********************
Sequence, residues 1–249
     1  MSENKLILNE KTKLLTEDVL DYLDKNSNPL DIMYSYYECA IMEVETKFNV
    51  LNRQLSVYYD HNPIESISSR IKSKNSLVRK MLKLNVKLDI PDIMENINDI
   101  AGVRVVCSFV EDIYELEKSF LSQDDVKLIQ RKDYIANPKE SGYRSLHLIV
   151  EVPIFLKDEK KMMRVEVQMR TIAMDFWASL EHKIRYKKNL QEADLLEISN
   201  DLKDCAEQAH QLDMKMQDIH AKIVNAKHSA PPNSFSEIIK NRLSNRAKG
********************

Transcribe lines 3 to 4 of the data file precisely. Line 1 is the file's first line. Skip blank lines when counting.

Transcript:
    51  LNRQLSVYYD HNPIESISSR IKSKNSLVRK MLKLNVKLDI PDIMENINDI
   101  AGVRVVCSFV EDIYELEKSF LSQDDVKLIQ RKDYIANPKE SGYRSLHLIV